Moving Tips & Resources
How to Deduct Moving Expenses From Your Tax Return
Do You Qualify?
If you recently moved to a new city to start a new job or were relocated by your current employer, the IRS allows you to deduct reasonable moving expenses as an adjustment to gross income on your tax return. But, only if certain conditions are met. Use this checklist to find out if you qualify:
- The change in job location would require you to commute at least 50 miles (one way) further to work, had you not moved. Those 50 miles must be based on the shortest traveled route to destination.
- The move occurs within one year of the date you begin work at the new location.
- You work full-time (for any employer) in the general vicinity of the new location, for at least 39 weeks during the 12-month period, following the move.
- If you are transferred, laid off or become disable before the end of the 39-week period, you still may claim moving expenses.
- If you are self-employed, you must work full-time for a total of at least 78 weeks during the 24 months immediately after your more.
What Moving Expenses Are Tax Deductible?
If you have moved within the US or from a foreign country to the US and you have met the aforementioned qualifications, the following expenses can be deducted from the gross income on your tax return:
Packing & Transportation
You can deduct any expenses incurred from packing, crating and transporting your family’s personal effects from your former home to your new one. Moving expenses include moving pets and vehicles.
You can deduct the cost of connecting or disconnecting utilities because you are moving your home, appliances and belongings.
For moves within the US, the deduction of in-transit storage expenses is limited to the cost of 30 consecutive days of storage after the load date and before delivery to your new home. This includes storage of vehicle, boats, etc. Further details are available from the IRS.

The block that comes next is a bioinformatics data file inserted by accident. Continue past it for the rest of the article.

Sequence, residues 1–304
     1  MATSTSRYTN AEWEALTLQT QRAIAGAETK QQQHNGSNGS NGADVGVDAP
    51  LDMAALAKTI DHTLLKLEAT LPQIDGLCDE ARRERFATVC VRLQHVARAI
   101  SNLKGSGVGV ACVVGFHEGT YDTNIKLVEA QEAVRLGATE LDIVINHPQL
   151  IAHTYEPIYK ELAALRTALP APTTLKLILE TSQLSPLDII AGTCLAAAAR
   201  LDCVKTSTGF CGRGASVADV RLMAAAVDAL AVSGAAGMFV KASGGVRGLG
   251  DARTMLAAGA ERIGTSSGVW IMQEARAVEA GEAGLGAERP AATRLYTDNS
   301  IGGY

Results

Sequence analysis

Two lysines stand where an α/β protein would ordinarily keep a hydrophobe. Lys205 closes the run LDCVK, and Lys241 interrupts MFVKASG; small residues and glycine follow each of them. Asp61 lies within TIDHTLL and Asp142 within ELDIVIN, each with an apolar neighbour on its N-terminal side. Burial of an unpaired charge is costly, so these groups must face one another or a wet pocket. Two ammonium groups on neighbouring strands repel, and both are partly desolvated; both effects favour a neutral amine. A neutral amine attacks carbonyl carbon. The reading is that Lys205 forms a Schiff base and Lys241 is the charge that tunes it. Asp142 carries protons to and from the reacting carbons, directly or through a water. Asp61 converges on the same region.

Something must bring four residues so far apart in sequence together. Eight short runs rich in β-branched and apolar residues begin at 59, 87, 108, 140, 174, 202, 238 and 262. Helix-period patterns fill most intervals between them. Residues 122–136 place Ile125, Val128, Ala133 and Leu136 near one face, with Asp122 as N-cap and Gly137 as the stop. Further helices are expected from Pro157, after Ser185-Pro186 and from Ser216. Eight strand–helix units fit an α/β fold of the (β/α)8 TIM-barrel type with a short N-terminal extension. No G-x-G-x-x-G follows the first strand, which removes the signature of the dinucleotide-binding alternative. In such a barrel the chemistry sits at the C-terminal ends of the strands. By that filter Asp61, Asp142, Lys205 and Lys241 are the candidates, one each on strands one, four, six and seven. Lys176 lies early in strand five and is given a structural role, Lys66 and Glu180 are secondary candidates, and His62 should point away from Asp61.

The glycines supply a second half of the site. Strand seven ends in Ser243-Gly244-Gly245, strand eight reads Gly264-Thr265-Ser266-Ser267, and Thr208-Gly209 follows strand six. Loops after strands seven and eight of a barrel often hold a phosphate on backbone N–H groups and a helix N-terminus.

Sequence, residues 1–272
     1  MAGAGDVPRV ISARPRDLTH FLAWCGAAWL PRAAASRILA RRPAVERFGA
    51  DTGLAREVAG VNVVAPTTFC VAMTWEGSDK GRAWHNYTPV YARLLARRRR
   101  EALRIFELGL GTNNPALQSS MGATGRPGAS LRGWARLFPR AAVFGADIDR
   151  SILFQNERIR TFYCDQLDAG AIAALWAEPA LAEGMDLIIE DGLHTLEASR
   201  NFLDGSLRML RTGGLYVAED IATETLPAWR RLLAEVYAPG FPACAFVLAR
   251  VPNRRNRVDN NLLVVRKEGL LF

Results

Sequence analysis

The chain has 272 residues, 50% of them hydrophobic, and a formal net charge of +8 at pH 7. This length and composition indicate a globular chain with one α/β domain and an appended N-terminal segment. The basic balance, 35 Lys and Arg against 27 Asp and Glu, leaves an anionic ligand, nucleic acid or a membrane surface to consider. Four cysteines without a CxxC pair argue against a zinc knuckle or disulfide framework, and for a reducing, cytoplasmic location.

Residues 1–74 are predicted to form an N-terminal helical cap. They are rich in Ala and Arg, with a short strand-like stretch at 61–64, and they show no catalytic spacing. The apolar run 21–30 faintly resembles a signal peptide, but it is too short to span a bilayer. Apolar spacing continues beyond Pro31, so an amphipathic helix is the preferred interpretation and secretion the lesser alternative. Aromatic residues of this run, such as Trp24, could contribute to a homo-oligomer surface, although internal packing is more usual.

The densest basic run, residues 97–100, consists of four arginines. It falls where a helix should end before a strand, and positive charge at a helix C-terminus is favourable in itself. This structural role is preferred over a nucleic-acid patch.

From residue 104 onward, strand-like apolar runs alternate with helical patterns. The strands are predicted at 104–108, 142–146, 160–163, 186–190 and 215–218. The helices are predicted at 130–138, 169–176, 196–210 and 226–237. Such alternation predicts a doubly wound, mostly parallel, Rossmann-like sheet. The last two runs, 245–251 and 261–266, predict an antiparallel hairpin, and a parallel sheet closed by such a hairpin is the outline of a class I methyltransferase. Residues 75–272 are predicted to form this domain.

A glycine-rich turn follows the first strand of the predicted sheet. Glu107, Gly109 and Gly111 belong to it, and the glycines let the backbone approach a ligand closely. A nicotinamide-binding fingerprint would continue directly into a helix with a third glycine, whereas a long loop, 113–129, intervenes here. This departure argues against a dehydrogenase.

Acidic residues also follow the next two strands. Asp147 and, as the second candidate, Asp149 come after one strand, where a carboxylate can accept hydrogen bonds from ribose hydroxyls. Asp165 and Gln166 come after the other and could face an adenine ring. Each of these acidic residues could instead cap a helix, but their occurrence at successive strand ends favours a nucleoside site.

You can deduct the cost of your personal*, one-way transportation and lodging. Traveling by car to your final destination (up to 350 miles per day at $0.24 a mile) is a deductible expense. The trip should be the shortest, most direct route. Parking fees and tolls paid in traveling can also be deducted. It is not necessary for all family members to travel at the same time. However, the expenses, for only one trip per person, can be deducted.
*If you are self-employed, you may deduct Transportation & Travel expenses, if you have already made specific arrangements to operate your business at the new location. There is no cap on the maximum deduction allowed for transporting household goods or for family travel costs.
If you ship your vehicle, you can deduct the overall cost and expense of valuation.
Moving expenses are deductible only as adjustments to gross income. Save all of your receipts, bills and credit card statements to keep an accurate record of all expenses paid. To support your claim for deductions, you should use IRS Form 3903-Moving Expenses to indicate the type and cost of moving expenses incurred. However, you should consult your tax advisor to make sure that you are using all applicable forms.
For more details, click here to download IRS Publication 521-Moving Expenses: http://www.irs.gov/pub/irs-pdf/p521.pdf